NEW DELHI -- In the United States, "War and Remembrance" lasted 39 1/2 hours and was considered one of the longest miniseries ever. But how about one lasting more than 18 months?
There is such a maxiseries. It's called "The Mahabharata," and it's still running on Indian television. It won't end until July 8.
Based on a mythological Hindu epic that is the longest poem in world literature, "The Mahabharata" is the country's hottest show, even though it airs at an hour that would amaze U.S. networks.
Each one-hour episode of the Indian drama starts at 9 a.m. on Sundays.
Despite that early hour, Doordarshan, the government department that controls India's only nationwide TV channel, estimates the show attracts an average audience of 90 million people each week -- or more than one-tenth of India's population of 833 million.
The serial is in Hindi, but Doordarshan officials say its appeal reaches far beyond the northern, Hindi-speaking regions of the country.
In the southern state of Kerala, for example, newspapers publish a transcript of each week's show in Malayalam, the local language.
"People here are highly involved in 'The Mahabharata,' " says I.G. Venugopal, a resident of Trivandrum, the capital of Kerala. "They read the newspaper to get to know the outline and then watch the serial."
"The Mahabharata" also appears to have transcended religious barriers in India, where 82 percent of the people are Hindu but there are large communities of Moslems, Sikhs and Christians.
In one New Delhi house, two Moslem carpenters installing new windows threatened to take Sunday off unless they were given access to the television set.
"I watch the serial every week. If I miss an episode now, I won't understand anything," said one of them, Naseem Ahmed.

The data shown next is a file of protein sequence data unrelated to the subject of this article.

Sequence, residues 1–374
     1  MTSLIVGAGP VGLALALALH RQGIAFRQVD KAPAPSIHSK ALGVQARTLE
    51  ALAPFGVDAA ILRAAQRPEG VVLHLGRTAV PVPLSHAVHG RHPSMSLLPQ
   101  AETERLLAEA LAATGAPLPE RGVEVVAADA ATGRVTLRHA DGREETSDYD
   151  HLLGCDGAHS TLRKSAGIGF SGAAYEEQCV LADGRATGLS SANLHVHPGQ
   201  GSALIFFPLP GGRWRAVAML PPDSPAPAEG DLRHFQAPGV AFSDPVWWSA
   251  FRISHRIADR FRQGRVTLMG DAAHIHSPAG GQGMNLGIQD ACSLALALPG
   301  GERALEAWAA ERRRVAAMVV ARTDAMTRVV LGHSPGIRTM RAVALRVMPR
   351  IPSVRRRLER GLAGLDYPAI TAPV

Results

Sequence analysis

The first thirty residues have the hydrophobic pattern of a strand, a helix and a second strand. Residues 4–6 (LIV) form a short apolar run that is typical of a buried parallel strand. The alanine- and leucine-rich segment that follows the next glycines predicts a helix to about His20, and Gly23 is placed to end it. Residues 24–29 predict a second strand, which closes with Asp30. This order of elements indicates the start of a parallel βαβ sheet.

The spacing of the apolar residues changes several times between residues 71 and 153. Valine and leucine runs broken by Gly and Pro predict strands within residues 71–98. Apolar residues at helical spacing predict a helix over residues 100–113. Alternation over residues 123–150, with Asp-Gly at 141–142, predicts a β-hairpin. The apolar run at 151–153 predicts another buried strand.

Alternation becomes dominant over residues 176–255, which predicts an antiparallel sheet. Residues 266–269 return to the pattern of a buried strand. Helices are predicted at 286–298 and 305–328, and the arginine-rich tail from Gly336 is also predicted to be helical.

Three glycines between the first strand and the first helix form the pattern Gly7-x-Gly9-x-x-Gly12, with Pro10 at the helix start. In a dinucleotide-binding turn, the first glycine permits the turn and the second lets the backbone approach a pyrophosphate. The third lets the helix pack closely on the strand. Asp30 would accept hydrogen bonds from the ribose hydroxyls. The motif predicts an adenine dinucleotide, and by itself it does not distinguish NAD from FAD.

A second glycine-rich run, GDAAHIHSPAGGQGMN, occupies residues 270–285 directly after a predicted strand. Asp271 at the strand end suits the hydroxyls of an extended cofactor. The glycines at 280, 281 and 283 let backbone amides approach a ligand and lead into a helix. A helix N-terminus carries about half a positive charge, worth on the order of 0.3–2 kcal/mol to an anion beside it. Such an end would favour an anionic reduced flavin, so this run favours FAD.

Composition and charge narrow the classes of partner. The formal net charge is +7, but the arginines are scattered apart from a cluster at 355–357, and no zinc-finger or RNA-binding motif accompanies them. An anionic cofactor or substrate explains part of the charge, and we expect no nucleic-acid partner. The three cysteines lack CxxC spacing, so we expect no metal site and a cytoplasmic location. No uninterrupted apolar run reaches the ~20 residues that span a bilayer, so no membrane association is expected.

His remarks would be familiar to American viewers of ABC's surreal, convoluted "Twin Peaks."
"The Mahabharata" has a somewhat wider scope. It's a kaleidoscope of court intrigue and fierce battles between two sets of feuding brothers, tempered with religion, philosophy and the virtues and vices of princes and aspiring kings.
Many Hindus learn the story in their childhood, when it is retold as the victory of good over evil with the five good Pandava brothers defeating the 100 bad Kaurava brothers.
But now, as the show begins to peak (the 99th Kaurava brother recently was killed in battle), several twists and nuances are beginning to come through. The Pandavas aren't pure: They have used every trick in the book to win.
And some on the Kaurava side aren't totally bad. Their army chief, the illegitimate son of the mother of the Pandavas, is chivalrous in battle. And the guru of the Pandavas, another good guy, was on the Kaurava side until he died.
"Most of this we didn't know," says Shailendra Chopra, an employee of Indian Airlines and another avid viewer. "It's like a crime thriller. What will happen next?"
"It will take a long time for us to get another serial like this," said Abdul Sattar Tatari, the Doordarshan official in charge of television programs.